GPO-CONAN-2017-10-15.pdf

Morales santana 582 us no 151191 slip op 1417 2017

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Morales-Santana, 582 U.S. ___, No. 15–1191, slip op. 14–17 (2017) (distinguishing between immigration and citizenship contexts and applying heightened scrutiny to hold that a derivative citizenship statute which discriminated by gender violated equal protection principles). 2170 AMENDMENT 14—RIGHTS GUARANTEED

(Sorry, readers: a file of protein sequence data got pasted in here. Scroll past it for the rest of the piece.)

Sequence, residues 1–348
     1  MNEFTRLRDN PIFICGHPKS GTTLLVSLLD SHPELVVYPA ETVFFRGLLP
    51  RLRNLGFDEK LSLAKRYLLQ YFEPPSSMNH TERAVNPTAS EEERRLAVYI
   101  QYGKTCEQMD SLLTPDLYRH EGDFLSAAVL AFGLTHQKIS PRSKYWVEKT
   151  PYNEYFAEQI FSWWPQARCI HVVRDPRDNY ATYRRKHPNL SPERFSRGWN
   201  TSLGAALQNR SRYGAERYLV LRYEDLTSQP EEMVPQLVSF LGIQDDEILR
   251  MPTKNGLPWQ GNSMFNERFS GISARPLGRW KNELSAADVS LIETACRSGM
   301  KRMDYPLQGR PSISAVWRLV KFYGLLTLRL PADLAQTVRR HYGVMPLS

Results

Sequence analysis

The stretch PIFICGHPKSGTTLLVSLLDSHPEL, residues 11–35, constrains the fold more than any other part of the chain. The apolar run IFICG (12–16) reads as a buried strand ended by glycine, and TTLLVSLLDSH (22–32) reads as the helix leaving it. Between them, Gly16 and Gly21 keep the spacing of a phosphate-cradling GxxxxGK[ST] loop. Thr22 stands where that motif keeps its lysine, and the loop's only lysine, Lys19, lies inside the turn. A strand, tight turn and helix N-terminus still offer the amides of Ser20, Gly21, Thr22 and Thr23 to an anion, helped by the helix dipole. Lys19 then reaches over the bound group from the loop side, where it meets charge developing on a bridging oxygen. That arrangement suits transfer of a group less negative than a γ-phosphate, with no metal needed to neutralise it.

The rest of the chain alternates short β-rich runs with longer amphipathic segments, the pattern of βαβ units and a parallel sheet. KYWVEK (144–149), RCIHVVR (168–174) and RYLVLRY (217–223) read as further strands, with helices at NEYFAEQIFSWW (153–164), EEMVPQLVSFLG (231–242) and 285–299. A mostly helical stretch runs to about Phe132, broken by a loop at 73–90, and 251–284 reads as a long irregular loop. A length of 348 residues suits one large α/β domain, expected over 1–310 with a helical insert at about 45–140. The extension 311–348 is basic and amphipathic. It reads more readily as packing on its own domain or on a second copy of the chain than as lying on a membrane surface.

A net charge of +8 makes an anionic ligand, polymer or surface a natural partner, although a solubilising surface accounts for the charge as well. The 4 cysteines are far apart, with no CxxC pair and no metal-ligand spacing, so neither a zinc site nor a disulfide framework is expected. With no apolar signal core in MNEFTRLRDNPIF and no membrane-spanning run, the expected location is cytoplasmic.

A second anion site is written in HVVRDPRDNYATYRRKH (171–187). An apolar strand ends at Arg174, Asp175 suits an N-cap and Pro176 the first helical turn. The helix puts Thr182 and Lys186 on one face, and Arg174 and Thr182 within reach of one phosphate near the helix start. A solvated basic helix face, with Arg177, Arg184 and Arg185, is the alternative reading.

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est equal protection decisions struck down the administration of a facially lawful licensing ordinance that was being applied to dis- criminate against Chinese. 1855 In many subsequent cases, however, the Court recognized a permissible state interest in distinguishing between its citizens and aliens by restricting enjoyment of re- sources and public employment to its own citizens. 1856 But, in Hirabayashi v. United States , 1857 the Court announced that “[d]is- tinctions between citizens solely because of their ancestry” were “odi- ous to a free people whose institutions are founded upon the doc- trine of equality.” And, in Korematsu v. United States , 1858 classifications based upon race and nationality were said to be suspect and sub- ject to the “most rigid scrutiny.” These dicta resulted in a 1948 de- cision that appeared to call into question the rationale of the “par- ticular interest” doctrine under which earlier discrimination had been justified. In the 1948 decision, the Court held void a statute bar- ring issuance of commercial fishing licenses to persons “ineligible to citizenship,” which in effect meant resident alien Japanese. 1859 “The Fourteenth Amendment and the laws adopted under its au- thority thus embody a general policy that all persons lawfully in this country shall abide ‘in any state’ on an equality of legal privi- leges with all citizens under nondiscriminatory laws.” Justice Black said for the Court that “the power of a state to apply its laws exclu- sively to its alien inhabitants as a class is confined within narrow limits.” 1860 Announcing “that classifications based on alienage . . . are in- herently suspect and subject to close scrutiny,” the Court struck down state statutes which either wholly disqualified resident aliens for welfare assistance or imposed a lengthy durational residency re- quirement on eligibility. 1861 Thereafter, in a series of decisions, the 1855 Yick Wo v. Hopkins, 118 U.S. 356 (1886). 1856 McGready v. Virginia, 94 U.S. 391 (1877); Patsone v. Pennsylvania, 232 U.S. 138 (1914) (limiting aliens’ rights to develop natural resources); Hauenstein v. Lynham, 100 U.S. 483 (1880); Blythe v. Hinckley, 180 U.S. 333 (1901) (restriction of devolu- tion of property to aliens); Terrace v. Thompson, 263 U.S. 197 (1923); Porterfield v. Webb, 263 U.S. 225 (1923); Webb v. O’Brien, 263 U.S. 313 (1923); Frick v. Webb, 263 U.S. 326 (1923) (denial of right to own and acquire land); Heim v. McCall, 239 U.S. 175 (1915); People v. Crane, 214 N.Y. 154, 108 N.E. 427, aff’d, 239 U.S. 195 (1915) (barring public employment to aliens); Ohio ex rel. Clarke v. Deckebach, 274 U.S. 392 (1927) (prohibiting aliens from operating poolrooms). The Court struck down a statute restricting the employment of aliens by private employers, however. Truax v. Raich, 239 U.S. 33 (1915).
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